Jim, I love my Veterans' Honor. It very vigorous, winter hardy and blooms a lot. The blooms are huge and they will last on the bush for a week or more and in a vase for 5 or 6 days. It will spot if not sprayed though. Another one that the people in my rose society all seem to love is Let Freedom Ring.
Speaking of Kordes roses, does anyone know if Buxom Beauty will survive in zone 5a without protection? How about Folklore?
Liv Tyler, Frederic Mistral and Yves Piaget all died on me.
Pretty Jessica survives but doesn't bloom much (although it only gets morning sun).
Tradescant is a vigorous, fragrant dark red rose. Griff's Red thrives in zone 5a but the fragrance is not very strong.
Gentle Hermione is definitely hardy but the fragrance is bad.
Sonia Rykiel survives the winter and the blooms are to die for. Got mine at Roses Unlimited.
I have heard that Sheila's Perfume is hardy and fragrant...
Any of the Brownell roses thrive in zone 5?
I gotta give a 2nd thumbs up to Veterans' Honor as well. It's a real "wow!" rose when people walk up to the front door.
A couple of things to note: that Chicago study was started in 1990 and printed in 1997 after 6 years of observation, so the data is 14 years old. I keep trying to find more recent information from the CBG, but it's like pulling teeth.
Another note is that they are in 5b, not 5a. Most of Chicago is 5b according to the 3 different zone maps I just checked.
I have Folklore downstate in both my garden and my parents' garden. It is truly spectacular; quite a site planted next to About Face.
Hi Predfern, I'm so glad to hear from you. I always look to you for guidance as to what would survive in our erratic Chicago's weather. Thanks for recommending Tradescant (Paul Barden reported its fragrance matching Mr. Lincoln). I'll place Tradescant on my list for next year's planting, and will consider Sonia Rykiel (how's the fragrance?)
Someone also reported Pretty Jessica as slow to rebloom - must be those packed petals. Thanks, Seil, for recommending Veteran's Honor (your picture at Rose Gallery is awesome). I smelled hardy Chrysler Imperial at the rose park and didn't like it.
Here's a link from University of Vermont: "We are testing some of these hardy roses at the University of Vermont Horticulture Research Center, zone 4b, which gets on the average -20 to -25 degrees F in the winter." That sounds like my zone 5a Chicago area!
Here is a link that might be useful: Hardy roses for zone 4b, or zone 5a unprotected
Karen mentioned Quietness. Curious I tried to look it up in my books. Not in any of the 4 that I looked in, ARS, Botanica, The Ultimate and The Right rose.
Sounds interesting. What about it Karen??
Sonia Rykiel also has a great fragrance. Note: Generosa roses are only marginally hardy in zone 5a so proceed with caution. If Sonia works out then try Madame Paule Massad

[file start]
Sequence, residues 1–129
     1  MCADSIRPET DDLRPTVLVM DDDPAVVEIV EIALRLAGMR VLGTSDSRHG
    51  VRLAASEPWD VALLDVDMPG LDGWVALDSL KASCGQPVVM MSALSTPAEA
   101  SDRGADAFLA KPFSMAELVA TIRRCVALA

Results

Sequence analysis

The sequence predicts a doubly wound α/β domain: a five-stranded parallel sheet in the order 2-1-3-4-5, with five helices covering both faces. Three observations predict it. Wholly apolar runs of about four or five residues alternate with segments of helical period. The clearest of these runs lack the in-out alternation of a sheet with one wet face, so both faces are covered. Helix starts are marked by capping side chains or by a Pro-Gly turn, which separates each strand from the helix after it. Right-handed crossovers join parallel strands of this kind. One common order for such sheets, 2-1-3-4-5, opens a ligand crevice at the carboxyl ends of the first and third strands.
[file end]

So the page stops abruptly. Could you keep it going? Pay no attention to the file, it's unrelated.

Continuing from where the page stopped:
Quietness is a great Buck rose. If the fragrance were a bit stronger it would be perfect. It is available at Roses Unlimited (they introduced and named it).
Here is a link that might be useful: Quietness
Does anyone on this thread grow Polka? It is an apricot climber that is supposed to have good fragrance and rebloom and might be just the thing for a spot I have. But I'm wondering if the catalog description is accurate.
Thank you, Predfern for fragrance info. on Sonia Rykiel. I'm spoiled by Radio Times and Mary Magadalene's fragrances, so I only buy roses that please my nose. LOL!
There are other factors that affect hardiness besides planting zone. I agree with Karenforroses from zone 5, Northern Michigan. She wrote "I think the wind does more damage than the cold. If I were in your situation I'd be sure to put them in a sheltered spot away from the wind, and a spot where they won't get a lot of direct sun, to avoid freezing and thawing."
We got down to 30 degree at night this week, and Eglantyne in a windy spot, was the first to suffer. In winter, it's the sudden freezing and thawing that kills plants. I received wintering info. from Heirloom Gardens (where I ordered my spring bulbs). They wrote: "If you are blessed with a deep, reliable snow cover, you can grow bulbs a zone or even two beyond what we recommend. Winter mulch with a thick layer of a fluffy, non-matting material such as straw, evergreen branches, or pine needles."
The snow also provides moisture that plants need for the winter. Austin roses are such water-hogs that High Country Roses recommends watering them once or twice in the winter. Where I am 1 hour west of Chicago: high wind, sudden freeze-thaw, dry winter with little snow - I play it safe (thanks for the caution, Predfern). Where I grew up near Grand Rapids, MI - there was lots of snow, little wind, and it was warmer with the moisture - Austins stand a better chance of survival.
Stigal, I grow Polka on a split rail fence in the orchard with honeysuckle - don't winterize it and don't spray it, and it remains hardy and disease free for me. It's a lovely rose - soft apricot & light fragrance. Not an all-summer-long bloomer, but 3 or 4 flushes throughout the growing season.
Jim, Quietness is one of my favorite roses, and since I grow about 180 roses, that says a lot for Quietness. It isn't big on fragrance, but beautiful huge soft pink blooms that keep on blooming all season long and is almost disease free in my garden. I mound pine bark mulch at her base in the fall just to make myself feel better - she probably doesn't need it. I loved it so much I bought a second one - a really great rose.
Quietness with bud
Thanks so much for the picture and information on Polka--looks like a really lovely rose as does Quietness! I think that may work very well in this spot! I agree with everything that Strawberryhill has to say about the weather and roses too. Dry and windy conditions do more damage than actual cold temperatures--that is where I lose canes. I try to send the Austins into winter very well watered by keeping the system on as long as I can before we hit a time of hard freeze. Some years there are also wild swings of weather in the spring and the roses get going and get frozen back more than once. Having to leaf out multiple times takes a lot of their energy, but you always have to expect the unexpected in the Midwest for weather.